MRI/MRA
Condition/abnormalNormal
Mean velocity criteriaConditional/abnormal90
Normal1321
DISCUSSION

Since the original STOP trial publication, there has been a significant increase in utilization of TCD with imaging in asymptomatic sickle cell patients to identify increased stroke risk[7]. A finding of elevated velocities requires further monitoring or transfusion intervention. The use of TCD in this manner is that of a screening test. A good screening test is one with maximum sensitivity, so that if the test is negative, the condition is not present. In this case, the condition was “clinically evident stroke”. The threshold for TCD velocities was set in the STOP trial to detect 97% of all patients with clinically evident stroke. The trial did not measure TCD sensitivity against the presence or progression of intracranial vasculopathy, which is a more proximate cause of stroke in these patients. While nearly all patients with an abnormal TCD by STOP criteria will have vasculopathy, not all patients with vasculopathy will have an abnormal TCD by the STOP TAMV criteria.

It has been further documented that clinically silent strokes in sickle cell patients with normal neurologic and TCD exam are detectable by MR Imaging[8]. This observation is also concordant with data indicating that patients with silent infarcts on MRI and normal TCD results by the original STOP criteria are more than twice as likely as the unscreened sickle cell population to develop a clinically apparent stroke[9]. Indeed, even though patients with abnormalities only on MRI frequently have a “normal” neurologic exam, it is becoming more apparent that neuropsychological deficits exist[10].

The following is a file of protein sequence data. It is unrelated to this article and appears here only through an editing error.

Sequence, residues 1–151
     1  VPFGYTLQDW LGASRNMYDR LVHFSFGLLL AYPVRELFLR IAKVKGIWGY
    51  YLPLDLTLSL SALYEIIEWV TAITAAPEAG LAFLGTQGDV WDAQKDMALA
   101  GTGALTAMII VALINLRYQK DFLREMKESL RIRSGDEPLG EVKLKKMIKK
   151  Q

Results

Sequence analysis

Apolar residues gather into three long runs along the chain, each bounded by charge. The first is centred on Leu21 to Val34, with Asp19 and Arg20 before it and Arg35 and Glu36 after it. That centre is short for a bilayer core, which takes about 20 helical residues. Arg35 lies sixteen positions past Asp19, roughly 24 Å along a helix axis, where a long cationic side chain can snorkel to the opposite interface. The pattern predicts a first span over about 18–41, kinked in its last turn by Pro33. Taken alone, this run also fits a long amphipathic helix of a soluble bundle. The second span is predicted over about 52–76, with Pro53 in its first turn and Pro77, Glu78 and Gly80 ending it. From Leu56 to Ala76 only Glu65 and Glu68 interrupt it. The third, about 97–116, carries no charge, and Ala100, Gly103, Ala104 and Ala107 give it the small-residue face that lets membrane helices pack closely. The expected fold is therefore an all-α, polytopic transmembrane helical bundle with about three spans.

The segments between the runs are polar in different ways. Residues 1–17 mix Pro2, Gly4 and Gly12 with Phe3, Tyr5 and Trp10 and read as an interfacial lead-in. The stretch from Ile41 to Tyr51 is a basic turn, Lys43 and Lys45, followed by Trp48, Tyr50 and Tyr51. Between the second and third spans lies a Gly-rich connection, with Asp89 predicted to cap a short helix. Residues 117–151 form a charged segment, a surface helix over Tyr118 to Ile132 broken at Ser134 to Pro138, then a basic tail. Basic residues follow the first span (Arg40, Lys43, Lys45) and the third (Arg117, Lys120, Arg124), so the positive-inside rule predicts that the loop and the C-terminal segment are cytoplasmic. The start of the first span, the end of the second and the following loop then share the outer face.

In order for TCD screening to maintain its role as an adequate screening test, it must perform close to the level of MRI at least in predicting the presence or progression of intracranial vasculopathy. To this purpose, a number of studies have compared TCD velocity measurements with the presence of stenosis at MR Angiography. Lowering the TAMV threshold to 165 cm/s could yield a sensitivity of 92% in predicting stenosis on MRI[11]. Adult studies, however, indicate that the threshold for TAMV would have to be set at 123 cm/s for 100% sensitivity[12].

The restricted availability of the exam with only a single trained technologist ensured uniformity throughout the study period. The limitations of our study include the small sample size given the relative underutilization of sickle cell services and difficulty of follow-up. While the ultrasound technical exam factors remain well controlled, variations in MRI technique over the 10-year time period could have influenced uniformity of the gold standard. We also did not have the ability to correlate clinical outcomes given the relatively recent transition to an electronic medical record (2010) at our institution. A larger prospective study with the ability to correlate TCD TAMV, PSV, MRI and MRA findings, neuropsychological exam results, and clinically apparent stroke could provide a useful follow-up to the STOP trial to update best practice recommendations for what is one of the leading causes of stroke in pediatric patients.

Based on the data obtained at our institution and using the assumption that the best screening test is the one with the highest sensitivity, the peak systolic velocity could be the measurement of choice for TCD screening. A more specific test with MRI or neuropsychological evaluation should follow in those patients who may have suffered clinically silent ischemic brain injury.

COMMENTS
Background

Without treatment, 11% of children with sickle cell disease will have an ischemic stroke by 20 years of age. Trans Cranial Doppler (TCD) is used as a screening test to prevent this complication in the sickle cell population. A finding of elevated velocities requires further monitoring or transfusion intervention. Velocities can be measured using the time average maximum mean velocity (TAMV) or the peak systolic velocity (PSV) criteria.